Mention “the Italian Riviera,” and people are apt to respond, “Yes, the Amalfi Coast is on my bucket list.” But the Amalfi Coast, south of Naples and more than 400 miles away, already has a name: the Amalfi Coast. The Italian Riviera, or Liguria, on the other hand, stretches between the Tuscan coast all the way to where the country ends at the French border and the Cote d’Azur. Paradoxically, despite its popularity, northern Italy’s Liguria is one of the country’s more misunderstood places, even among the reasonably well-traveled.
To complicate matters even further, Liguria itself is divided in half by the city of Genoa, with Riviera di Ponente (coast of the setting sun) to the west and Riviera di Levante (coast of the rising sun) to the east. Because it wouldn’t be feasible to tackle the entire Riviera in a long weekend (or even a week), better to choose Levante, with all its cachet and relatively compact cluster of delights—most prominently, the Portofino peninsula and Cinque Terre—for a first trip to the region.
As far as getting there, it’s best to fly into Milan Malpensa—often a cheaper ticket than Rome, and closer to the Ligurian coast. The newest high-speed trains can whisk you to Genoa in under two hours. A well-curated four-day trip will only allow you to scratch the surface of one of Italy’s most breathtaking resort areas, but you can still marvel at the most famous spots and see a town or two where Americans rarely visit—but should.
Day 1: Portofino
Plan an overnight flight to maximize your time. You’ll land at Milan Malpensa, northern Italy’s largest international airport, and arrive at the Portofino peninsula by noon or 1 p.m. To get to the actual town of Portofino, which is tucked into a picturesque harbor at the tip of the cape, you’ll need to hop a ferry or hail a taxi from Rapallo or Santa Margarita Liguria. For lodgings, choose the incomparable: That would be Splendido, a captivating resort nestled into the hillside above the marina and managed by the esteemed Belmond brand. The former Benedictine monastery was transformed into a hotel in 1902 and has proceeded to host everyone from Winston Churchill to Elizabeth Taylor and Richard Burton to Beyonce and Jay-Z. Don’t head out for the day without first strolling the gardens and jumping into the gorgeous infinity pool.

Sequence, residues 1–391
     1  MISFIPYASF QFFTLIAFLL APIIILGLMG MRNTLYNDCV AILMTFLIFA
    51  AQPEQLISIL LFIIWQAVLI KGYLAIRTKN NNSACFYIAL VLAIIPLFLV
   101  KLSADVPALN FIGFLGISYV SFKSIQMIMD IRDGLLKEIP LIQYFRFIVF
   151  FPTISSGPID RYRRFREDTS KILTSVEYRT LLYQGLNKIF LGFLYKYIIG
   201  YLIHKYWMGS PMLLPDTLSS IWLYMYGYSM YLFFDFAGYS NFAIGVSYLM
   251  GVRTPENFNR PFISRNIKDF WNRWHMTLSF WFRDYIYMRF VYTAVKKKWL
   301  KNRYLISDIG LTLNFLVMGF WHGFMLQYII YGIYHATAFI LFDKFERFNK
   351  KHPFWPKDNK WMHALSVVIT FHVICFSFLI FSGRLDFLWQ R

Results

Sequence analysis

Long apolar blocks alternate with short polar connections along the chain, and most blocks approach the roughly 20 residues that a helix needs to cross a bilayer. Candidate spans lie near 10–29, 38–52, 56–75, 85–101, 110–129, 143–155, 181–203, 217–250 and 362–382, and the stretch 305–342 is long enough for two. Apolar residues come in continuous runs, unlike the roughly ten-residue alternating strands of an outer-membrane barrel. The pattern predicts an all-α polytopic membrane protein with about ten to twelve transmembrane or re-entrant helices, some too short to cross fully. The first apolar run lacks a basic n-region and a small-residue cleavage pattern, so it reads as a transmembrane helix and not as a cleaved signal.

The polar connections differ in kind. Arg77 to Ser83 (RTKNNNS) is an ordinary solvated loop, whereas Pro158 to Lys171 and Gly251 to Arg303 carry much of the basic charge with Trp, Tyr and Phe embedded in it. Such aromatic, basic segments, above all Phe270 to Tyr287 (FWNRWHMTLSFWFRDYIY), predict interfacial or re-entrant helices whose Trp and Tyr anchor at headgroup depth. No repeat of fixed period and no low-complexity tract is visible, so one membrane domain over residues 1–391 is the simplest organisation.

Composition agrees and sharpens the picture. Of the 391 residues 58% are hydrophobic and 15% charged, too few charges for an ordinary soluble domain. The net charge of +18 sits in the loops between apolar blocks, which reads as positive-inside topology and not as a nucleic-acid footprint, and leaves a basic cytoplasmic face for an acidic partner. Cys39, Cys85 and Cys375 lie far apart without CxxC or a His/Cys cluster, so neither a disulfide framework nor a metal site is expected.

Down in the seafront town, grab a late lunch at the 60-seat da I Gemelli. Owned by twin brothers, Matteo and Paolo Giovannini, the mostly alfresco restaurant caused a stir when it opened in 2018, because change comes slowly to Portofino. But because the family has been in local hospitality for eight generations, it was roundly welcomed. Whatever recommendations the charming brothers offer, remember that Liguria is the birthplace of pesto—the restaurant has two versions, one with trofie pasta and the other with trenette. “I am the king of pesto!” Matteo takes great pride in saying.
Now fortified, check out Portofino’s yachts and seaside art galleries. Then it’s time for some beachcombing, so head north on foot. Within minutes, you’ll be treated to the sight that launched a thousand calendars and Instagram pics—Baie Cannone, the tiny cove that rests beneath a pair of villas washed in rose and ochre. After a cool dip between the sea stacks, keep north along the coastal road. It’s about 15 minutes to the sandy Baia di Paraggi, with its small row of restaurants and beach clubs. You can swim for hours in the calm protected bay, and if you’re still around for dinner, top picks at waterfront Eight Restaurant include the buffalo mozzarella with ribbed tomato salad and roasted artichokes, and the linguine with clams and chopped pistachios.
Day 2: Riomaggiore and Manarola
The iconic Cinque Terre (Five Lands), about 90 minutes away by train, has so much to offer that it would be foolish and stressful to try to get a sense of it all in a single day. Divide it up. Head straight for the most easterly village, Riomaggiore, which dates from the 13th century. This fisherman’s town, set within a valley, rises up from a small swimmable cove. It’s said that the rustic tower houses were painted in brilliant and varied colors so the fishermen could spot them as they sailed home.
Hungry? Dau Cila is so well-positioned at the mouth of the cove, boasting such stunning views, that it has no business being as good as it is. Even the interior, with its rock walls and vaulted whitewashed ceilings, is memorable if you can’t get a table outside. Continue your connoisseurship of pesto, because the preparation at Dau Cila—with green beans—is uniquely flavorful and textured.